Transforming OurSpace Using Thinker's Thoughts
December 2007/January 2008 - Shel Rovin



Nature limits unfettered growth, managers encourage it.

Nature controls growth through a variety of mechanisms such as predator-prey relationships, lightning caused forest fires, extinction of species, and environmental change, to name but a few. Organisms are limited in size genetically, and also, for some, because of their environment. Nature is more concerned with development (getting better through natural selection) than growth (getting bigger). In organizations the concern for growth predominates. Bigger is deemed to be better, regardless of the lack of supporting evidence for this sentiment. The data from recent mega- mergers show that with few exceptions industries had a decline in market share as they grew bigger. Reasons given were that the bigger organizations get - the slower they are able to keep up with technologic advances and the more vulnerable they are to competition from narrowly focussed, low cost niche organizations.

There is another, perhaps more compelling, reason based on the biologic law that as an animal grows larger the more internal resources are required for its internal functions. But the growth is exponential, not arithmetic. (That’s why there are very few extremely large animals) As organizations grow larger the more resources they require for their internal tasks such as communication systems, data gathering, personal interactions and leadership. And like the biologic world this requirement is exponential, not arithmetic.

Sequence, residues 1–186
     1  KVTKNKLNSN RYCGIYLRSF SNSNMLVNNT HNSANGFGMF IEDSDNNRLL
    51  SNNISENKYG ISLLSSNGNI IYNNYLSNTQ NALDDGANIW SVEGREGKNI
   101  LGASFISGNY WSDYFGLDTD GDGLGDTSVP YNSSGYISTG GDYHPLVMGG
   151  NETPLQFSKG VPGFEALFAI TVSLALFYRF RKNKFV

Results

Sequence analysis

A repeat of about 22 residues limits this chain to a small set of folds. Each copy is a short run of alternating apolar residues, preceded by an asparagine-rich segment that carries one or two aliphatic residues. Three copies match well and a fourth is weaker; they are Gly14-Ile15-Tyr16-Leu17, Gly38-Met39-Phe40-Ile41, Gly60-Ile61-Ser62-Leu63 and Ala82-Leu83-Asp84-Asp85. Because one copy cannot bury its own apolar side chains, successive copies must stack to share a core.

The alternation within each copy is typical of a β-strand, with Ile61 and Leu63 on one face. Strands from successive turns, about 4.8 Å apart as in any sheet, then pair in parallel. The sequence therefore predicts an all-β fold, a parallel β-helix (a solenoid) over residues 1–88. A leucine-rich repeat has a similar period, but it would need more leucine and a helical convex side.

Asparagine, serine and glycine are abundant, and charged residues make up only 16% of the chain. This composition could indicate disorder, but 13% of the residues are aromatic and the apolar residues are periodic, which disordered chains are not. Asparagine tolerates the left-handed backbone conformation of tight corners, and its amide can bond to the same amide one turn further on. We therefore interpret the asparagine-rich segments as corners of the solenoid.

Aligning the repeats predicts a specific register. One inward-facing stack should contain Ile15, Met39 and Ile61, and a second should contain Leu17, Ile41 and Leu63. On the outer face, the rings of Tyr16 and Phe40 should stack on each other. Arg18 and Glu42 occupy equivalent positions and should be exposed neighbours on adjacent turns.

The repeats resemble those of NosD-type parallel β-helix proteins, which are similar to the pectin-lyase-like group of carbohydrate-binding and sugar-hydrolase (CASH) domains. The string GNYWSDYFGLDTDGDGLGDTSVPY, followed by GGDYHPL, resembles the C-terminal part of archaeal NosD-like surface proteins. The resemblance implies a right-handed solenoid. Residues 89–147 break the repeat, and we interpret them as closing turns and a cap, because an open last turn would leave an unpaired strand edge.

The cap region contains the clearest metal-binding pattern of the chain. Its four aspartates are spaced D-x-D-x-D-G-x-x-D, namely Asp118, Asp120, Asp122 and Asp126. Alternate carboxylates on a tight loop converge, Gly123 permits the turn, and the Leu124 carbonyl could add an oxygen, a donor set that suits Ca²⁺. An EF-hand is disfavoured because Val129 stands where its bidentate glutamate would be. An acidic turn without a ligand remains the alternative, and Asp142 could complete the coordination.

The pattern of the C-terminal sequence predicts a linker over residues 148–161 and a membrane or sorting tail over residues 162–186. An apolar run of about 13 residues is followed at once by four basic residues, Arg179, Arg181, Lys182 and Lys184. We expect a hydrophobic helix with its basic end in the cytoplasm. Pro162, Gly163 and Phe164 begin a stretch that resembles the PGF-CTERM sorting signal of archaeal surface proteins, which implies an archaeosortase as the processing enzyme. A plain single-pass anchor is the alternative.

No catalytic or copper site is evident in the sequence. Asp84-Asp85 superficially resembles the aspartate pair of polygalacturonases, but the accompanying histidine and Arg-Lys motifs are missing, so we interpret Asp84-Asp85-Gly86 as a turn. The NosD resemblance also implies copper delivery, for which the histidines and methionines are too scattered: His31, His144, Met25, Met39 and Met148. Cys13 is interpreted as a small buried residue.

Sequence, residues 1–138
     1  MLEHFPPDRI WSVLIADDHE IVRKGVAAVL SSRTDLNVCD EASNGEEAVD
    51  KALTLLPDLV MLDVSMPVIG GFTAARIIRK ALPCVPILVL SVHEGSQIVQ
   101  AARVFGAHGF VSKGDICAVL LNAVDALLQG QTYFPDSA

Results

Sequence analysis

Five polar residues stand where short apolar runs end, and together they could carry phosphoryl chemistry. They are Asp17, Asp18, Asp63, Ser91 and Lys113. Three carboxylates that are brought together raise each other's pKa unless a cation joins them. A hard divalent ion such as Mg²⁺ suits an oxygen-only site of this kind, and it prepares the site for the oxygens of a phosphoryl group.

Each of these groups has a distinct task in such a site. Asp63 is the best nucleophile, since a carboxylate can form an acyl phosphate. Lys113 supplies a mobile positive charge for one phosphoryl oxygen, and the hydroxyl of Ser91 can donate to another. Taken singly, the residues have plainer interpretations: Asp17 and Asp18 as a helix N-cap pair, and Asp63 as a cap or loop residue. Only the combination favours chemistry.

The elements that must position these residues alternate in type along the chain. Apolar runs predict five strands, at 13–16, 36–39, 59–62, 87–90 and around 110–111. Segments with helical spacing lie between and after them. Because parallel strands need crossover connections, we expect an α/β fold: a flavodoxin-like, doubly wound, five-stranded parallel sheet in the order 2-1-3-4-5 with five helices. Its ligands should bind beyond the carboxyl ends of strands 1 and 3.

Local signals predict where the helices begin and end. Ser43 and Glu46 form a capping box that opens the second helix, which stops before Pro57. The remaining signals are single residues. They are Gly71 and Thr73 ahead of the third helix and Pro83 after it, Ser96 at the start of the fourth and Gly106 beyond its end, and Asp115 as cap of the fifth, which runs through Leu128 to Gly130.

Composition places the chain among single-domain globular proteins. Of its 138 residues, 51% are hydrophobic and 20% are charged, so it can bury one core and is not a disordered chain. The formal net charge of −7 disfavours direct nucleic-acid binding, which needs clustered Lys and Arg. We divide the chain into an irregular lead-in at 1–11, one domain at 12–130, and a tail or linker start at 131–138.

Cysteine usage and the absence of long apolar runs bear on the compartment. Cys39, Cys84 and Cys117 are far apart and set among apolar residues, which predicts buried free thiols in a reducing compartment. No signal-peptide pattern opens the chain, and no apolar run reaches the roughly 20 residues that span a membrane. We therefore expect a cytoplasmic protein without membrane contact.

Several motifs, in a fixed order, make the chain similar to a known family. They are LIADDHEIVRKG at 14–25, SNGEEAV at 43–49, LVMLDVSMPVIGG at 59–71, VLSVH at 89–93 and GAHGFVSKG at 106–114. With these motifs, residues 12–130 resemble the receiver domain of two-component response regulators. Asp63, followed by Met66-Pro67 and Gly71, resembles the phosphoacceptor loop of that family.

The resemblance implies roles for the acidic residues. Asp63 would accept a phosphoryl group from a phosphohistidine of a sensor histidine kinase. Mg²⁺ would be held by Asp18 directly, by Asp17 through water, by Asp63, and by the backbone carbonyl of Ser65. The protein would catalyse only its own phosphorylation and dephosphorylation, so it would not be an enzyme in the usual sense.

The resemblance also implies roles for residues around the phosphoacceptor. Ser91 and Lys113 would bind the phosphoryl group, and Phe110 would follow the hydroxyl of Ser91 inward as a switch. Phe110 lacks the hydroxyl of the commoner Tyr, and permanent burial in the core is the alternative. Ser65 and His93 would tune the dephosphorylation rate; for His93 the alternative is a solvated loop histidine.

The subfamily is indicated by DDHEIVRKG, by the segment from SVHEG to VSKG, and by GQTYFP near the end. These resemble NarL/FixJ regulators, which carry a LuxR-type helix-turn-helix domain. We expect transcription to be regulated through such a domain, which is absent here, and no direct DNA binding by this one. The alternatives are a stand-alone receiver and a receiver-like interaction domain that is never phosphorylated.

The first law of thermodynamics, the conservation of energy, tells us that energy cannot be created or destroyed-that the intake and expenditure of energy have to balance. This means you have to “give to get.” Energy expended in one endeavor means less or no expenditure of energy for another endeavor. Organizations and the people who work in them have a finite amount of energy, not an infinite amount. But that doesn’t stop folks from constantly adding to their workloads. One of the more hilarious management slogans is that you have to “do more with less.” No one can effectively do more with less, you can only do less with less.

As any gardener will tell you, no garden grows without pruning. Regrettably, pulling the plug on something is far more difficult, sometimes painful, than starting something. It is much easier to add a new service or product than to give up an ongoing effort, particularly one with a long history or is cherished or whose existence is politically driven. But organizations cannot thrive or possibly even survive without pruning. The question for people in organizations is: what are we not going to do so we can do what we want to do, i.e., what are we going to give up?

A suggestion for improving organizational effectiveness: Add nothing to workloads, product lines, services, without removing a comparable amount of work, products and service.

What do you think?